The sharp decline in availability has resulted in record auction prices, which continue to fuel further increases in dealers’ asking prices. Lighter “pink-red rubies remain a distinct bargain and are expected to be the next color category to experience an upswing in both demand and price.”
The name Ruby derives from the Sanskrit word “Ratnaraj” meaning “King of Precious Stones” and for centuries it was the talisman of power and royalty. Some texts suggest that rubies were traded as early as 200 B.C. along China’s North Silk Route and ancients believed the gemstones would offer protection to its’ owner. The gems blood-red color also associated it with power over life and that each ruby was formed from a drop of the “heart’s” blood of Mother Earth”.
The color most prized is known as “Pigeon’s blood red” – an intense, crimson hue. 95% of rubies possessing this perfect color description hail from the Mogok mine in Burma modern day Myanmar). The most famous of these stones is the 23.10 carat Carmen Lucia Ruby. It is currently housed at the Smithsonian National Museum of Natural History in Washington, D.C.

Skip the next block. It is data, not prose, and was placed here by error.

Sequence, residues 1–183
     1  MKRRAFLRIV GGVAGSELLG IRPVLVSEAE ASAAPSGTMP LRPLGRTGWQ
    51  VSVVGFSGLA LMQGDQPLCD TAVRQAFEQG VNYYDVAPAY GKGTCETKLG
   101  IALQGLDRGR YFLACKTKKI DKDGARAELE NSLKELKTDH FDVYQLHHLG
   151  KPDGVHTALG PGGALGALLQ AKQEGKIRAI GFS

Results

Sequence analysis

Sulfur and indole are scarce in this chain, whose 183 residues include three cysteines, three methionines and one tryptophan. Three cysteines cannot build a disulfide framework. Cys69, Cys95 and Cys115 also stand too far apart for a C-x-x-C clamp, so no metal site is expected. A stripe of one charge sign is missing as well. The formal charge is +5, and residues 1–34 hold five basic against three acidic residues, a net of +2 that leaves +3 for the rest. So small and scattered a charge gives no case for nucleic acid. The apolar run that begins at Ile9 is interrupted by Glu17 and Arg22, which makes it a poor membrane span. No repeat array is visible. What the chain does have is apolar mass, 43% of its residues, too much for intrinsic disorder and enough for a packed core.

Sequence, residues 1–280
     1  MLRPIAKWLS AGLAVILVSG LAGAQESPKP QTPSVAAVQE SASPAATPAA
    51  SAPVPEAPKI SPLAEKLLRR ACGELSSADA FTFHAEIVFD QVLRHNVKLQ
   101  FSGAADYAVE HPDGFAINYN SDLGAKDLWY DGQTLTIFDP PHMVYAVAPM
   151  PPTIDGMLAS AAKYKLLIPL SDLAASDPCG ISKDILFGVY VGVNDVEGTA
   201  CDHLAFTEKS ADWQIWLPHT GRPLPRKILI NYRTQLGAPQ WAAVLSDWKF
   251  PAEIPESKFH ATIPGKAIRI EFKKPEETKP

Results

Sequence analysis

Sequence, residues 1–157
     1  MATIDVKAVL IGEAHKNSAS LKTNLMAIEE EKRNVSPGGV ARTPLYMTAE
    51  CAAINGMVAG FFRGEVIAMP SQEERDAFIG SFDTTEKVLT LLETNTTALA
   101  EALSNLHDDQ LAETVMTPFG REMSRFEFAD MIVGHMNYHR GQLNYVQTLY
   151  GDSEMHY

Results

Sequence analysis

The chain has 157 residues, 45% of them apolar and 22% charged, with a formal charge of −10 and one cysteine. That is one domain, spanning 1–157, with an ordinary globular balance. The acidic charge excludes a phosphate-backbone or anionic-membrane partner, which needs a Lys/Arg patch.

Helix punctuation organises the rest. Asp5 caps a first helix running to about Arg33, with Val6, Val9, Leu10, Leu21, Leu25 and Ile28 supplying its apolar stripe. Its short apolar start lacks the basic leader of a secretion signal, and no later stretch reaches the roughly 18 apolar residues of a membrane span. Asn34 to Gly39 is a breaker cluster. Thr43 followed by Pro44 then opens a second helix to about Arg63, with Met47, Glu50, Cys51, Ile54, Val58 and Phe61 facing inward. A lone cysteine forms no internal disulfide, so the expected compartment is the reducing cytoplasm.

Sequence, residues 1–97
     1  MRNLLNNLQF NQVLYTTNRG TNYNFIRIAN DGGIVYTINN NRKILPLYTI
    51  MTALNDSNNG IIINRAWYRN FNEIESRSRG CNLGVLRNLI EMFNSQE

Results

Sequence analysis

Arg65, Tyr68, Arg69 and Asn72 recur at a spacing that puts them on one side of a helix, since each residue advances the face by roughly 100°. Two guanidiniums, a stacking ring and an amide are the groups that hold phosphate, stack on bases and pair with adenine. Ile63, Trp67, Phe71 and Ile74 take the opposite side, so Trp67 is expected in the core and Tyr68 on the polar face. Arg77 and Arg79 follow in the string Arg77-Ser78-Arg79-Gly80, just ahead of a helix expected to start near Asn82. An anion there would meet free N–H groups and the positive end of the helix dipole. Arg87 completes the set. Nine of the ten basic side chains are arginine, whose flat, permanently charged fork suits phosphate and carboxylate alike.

Ruby is rarer than sapphire and emerald and reigns supreme next to Natural Colored Diamonds as auction house champion! Its’ rarity makes it a solid investment with prices as stable as the Swiss Frank. Evidence of this abounds at auction. Last year Sotheby’s sold a 24.70 carat ruby ring for just over $11 million as well as an 8.11 carat ruby ring for $2.8 million. Christies has reported similar results, often with Burmese origin stones that, like the Hope Diamond, are important enough to have names. The 18.04 carat “Crimson Flame” sold for $18 million in 2015 and the 15.99 carat “Jubilee” which fetched nearly $14.3 million the following year. Other Burmese rubies Christie’s has sold in recent years include a Cartier brooch with a 10 carat ruby for $8.2 million and a Faidee ring with a 10.05 carat stone that brought in just over $10 million! The list goes on with Christie’s top lots currently hovering around $1 million per carat.